The legalised brothel issue has long been a favourite British media topic; and one to which our legislators and moralists of all stripes frequently return. In recent times it has been given added momentum by the trafficking problem. Early in 2014, egged on by commercial interests eager to turn the area into more luxury apartments and sheltered by Articles 52 and 53 of The Sexual Offences Act, police raided a number of the modest Soho flats used by prostitutes and their maids. These sex workers were abused, turned out of their places of business and, it is alleged, had their money confiscated.

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Books about bedtime

by Kate Borcoman / 16th January 2015

I am sitting on a late Friday afternoon staring disconsolately at a pile of books recently sent to Erotic Towers for review. All, pretty much, have restrained grey covers and strap lines like ‘An erotic series so steamy, it sparkles!’

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Patron Saint of Prostitutes

by Camilla Cassidy / 18th December 2014

Josephine Butler was a middle-class Victorian woman; a respectable wife and mother, safely ensconced in a culture that idolised wives and mothers. She nevertheless exposed herself to abuse and humiliation in her campaign for the rights of prostitutes. Under the Contagious Diseases Act, these often vulnerable and voiceless women were subject to humiliating and painful gynaecological examinations and forced quarantines. Butler was a vocal opponent of the Contagious Diseases Act and, as a result, the target of insult and innuendo. One MP said ‘I look upon these women who have taken up this matter as worse than the prostitutes’. Helen Mathers’s biography of Butler – Patron Saint of Prostitutes: Josephine Butler and a Victorian Scandal – builds a rich history of sexual ethics and early feminist thought around the life of one remarkable woman who isn’t as celebrated, or as well known, as she should be.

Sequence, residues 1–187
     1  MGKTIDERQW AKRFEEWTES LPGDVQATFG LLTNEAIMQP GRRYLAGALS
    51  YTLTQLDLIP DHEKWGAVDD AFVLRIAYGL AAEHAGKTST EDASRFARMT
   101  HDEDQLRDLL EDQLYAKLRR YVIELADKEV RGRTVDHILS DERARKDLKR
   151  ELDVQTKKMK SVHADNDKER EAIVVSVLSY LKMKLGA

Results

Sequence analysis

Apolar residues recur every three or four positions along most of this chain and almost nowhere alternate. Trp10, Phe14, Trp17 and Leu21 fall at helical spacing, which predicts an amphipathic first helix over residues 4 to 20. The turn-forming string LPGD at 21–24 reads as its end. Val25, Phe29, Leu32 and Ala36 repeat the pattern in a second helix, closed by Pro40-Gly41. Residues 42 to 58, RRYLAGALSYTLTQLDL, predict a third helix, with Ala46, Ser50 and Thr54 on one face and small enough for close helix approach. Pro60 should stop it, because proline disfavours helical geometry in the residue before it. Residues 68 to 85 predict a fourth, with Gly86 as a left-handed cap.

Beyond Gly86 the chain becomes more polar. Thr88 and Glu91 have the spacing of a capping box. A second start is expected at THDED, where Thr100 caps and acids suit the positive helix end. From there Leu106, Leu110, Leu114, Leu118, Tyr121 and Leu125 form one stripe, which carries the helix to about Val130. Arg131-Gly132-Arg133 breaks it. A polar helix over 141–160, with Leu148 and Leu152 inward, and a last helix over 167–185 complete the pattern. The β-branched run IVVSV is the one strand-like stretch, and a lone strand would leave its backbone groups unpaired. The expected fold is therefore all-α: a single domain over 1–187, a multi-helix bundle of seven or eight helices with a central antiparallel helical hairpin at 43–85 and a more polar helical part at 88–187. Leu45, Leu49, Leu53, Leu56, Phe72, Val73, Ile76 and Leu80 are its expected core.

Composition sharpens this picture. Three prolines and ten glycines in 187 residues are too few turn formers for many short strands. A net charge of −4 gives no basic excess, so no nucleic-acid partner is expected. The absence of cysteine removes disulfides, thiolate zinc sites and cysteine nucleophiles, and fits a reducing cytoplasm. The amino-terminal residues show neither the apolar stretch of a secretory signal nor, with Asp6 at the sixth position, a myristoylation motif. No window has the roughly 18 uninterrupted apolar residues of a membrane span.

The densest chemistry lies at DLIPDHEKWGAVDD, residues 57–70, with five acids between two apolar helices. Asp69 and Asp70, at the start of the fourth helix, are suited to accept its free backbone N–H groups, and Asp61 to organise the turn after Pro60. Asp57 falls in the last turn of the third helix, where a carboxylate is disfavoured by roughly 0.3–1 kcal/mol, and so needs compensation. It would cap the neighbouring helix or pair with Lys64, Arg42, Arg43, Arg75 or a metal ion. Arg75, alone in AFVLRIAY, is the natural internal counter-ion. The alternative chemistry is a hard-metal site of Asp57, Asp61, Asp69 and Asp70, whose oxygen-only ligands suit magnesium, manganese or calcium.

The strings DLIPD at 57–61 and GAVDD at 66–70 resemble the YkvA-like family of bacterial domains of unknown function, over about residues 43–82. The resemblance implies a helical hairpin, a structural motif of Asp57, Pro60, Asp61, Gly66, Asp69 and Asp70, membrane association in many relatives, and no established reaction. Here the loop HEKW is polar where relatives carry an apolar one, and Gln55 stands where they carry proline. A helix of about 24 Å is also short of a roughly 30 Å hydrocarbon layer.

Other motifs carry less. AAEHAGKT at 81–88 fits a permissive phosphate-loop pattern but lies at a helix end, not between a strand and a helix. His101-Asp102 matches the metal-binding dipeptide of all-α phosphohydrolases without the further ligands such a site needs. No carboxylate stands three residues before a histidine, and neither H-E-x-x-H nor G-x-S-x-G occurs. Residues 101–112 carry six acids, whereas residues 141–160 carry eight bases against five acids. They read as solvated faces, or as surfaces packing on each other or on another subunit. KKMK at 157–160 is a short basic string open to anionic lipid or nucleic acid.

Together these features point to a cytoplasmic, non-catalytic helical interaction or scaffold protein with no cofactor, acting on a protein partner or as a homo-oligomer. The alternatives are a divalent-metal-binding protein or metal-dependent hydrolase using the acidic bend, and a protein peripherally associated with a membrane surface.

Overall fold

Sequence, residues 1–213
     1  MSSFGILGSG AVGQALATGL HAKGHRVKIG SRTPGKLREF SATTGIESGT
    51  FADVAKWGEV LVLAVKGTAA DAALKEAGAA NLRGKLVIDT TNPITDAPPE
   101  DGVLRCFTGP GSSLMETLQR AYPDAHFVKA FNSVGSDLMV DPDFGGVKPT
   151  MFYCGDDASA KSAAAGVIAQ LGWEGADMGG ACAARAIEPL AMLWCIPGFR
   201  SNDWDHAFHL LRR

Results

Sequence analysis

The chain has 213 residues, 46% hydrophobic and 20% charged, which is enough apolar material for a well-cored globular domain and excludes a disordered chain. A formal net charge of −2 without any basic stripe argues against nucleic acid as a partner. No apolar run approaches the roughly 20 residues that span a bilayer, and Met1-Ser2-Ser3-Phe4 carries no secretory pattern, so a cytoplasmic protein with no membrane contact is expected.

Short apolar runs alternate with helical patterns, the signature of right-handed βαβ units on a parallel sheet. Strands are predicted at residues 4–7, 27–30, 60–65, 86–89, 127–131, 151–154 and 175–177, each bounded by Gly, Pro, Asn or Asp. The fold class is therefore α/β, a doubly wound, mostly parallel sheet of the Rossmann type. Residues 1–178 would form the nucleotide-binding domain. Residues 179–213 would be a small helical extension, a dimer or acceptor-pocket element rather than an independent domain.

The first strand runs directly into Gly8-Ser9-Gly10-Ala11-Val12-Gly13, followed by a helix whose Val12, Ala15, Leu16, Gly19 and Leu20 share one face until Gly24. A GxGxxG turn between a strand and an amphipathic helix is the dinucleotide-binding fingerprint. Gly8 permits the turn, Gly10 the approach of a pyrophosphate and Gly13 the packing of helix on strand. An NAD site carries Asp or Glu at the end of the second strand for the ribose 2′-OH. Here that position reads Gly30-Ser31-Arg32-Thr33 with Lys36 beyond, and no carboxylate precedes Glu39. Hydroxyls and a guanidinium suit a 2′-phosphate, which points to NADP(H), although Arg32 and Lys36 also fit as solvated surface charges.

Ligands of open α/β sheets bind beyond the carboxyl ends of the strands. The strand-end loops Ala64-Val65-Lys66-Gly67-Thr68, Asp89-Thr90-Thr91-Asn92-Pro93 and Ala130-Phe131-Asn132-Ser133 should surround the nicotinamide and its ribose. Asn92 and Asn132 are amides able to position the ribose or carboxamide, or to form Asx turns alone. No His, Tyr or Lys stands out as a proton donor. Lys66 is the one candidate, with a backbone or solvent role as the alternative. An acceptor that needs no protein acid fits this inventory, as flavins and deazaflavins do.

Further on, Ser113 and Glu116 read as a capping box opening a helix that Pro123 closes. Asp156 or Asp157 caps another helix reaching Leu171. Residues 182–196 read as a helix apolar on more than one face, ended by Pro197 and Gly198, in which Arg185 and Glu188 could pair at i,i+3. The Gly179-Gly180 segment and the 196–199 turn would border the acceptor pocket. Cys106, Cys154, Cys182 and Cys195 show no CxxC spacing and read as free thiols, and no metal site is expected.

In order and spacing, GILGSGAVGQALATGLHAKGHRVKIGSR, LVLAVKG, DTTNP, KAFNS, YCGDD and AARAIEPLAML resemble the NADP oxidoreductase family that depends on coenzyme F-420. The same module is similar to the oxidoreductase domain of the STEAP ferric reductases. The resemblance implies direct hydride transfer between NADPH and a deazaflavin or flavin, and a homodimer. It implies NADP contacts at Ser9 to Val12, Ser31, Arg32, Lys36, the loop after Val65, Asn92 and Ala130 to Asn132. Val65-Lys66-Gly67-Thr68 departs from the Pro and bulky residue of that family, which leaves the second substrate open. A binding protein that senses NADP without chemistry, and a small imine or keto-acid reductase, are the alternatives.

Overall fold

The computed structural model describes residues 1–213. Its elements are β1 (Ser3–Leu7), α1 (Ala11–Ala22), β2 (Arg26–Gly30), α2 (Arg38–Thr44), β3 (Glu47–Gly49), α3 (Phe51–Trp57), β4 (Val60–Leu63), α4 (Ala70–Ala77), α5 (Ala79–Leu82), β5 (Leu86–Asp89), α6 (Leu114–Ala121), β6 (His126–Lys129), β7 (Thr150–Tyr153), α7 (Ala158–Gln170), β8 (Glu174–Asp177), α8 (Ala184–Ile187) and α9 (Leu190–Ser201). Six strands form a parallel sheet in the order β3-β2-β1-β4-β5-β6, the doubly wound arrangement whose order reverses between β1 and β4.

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Thérèse Raquin: From The Shadows of Desire

by Jessica White / 8th December 2014

I first encountered Émile Zola’s anti-love story Thérèse Raquin, by that giant of nineteenth century French literature who gave us J’accuse, some time in the winter of 2006 while recovering from my first genuine French love affair. Consoling myself with incomprehensible continental philosophers and copious quantities of vin rouge, I happily embarked on a new liaison, of the literary kind.

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What sex means to us now

by Camilla Cassidy / 24th November 2014

‘The Institute of Sexology’, the Wellcome Collection’s inaugural exhibition in its newly refurbished gallery space, is tellingly subtitled ‘undress your mind’. This is a thoughtful traipse through the history of sexology rather than (or at least as much as) a titillating collection of curiosities, though you wouldn’t know it from the kind of sniggering coverage it has already attracted.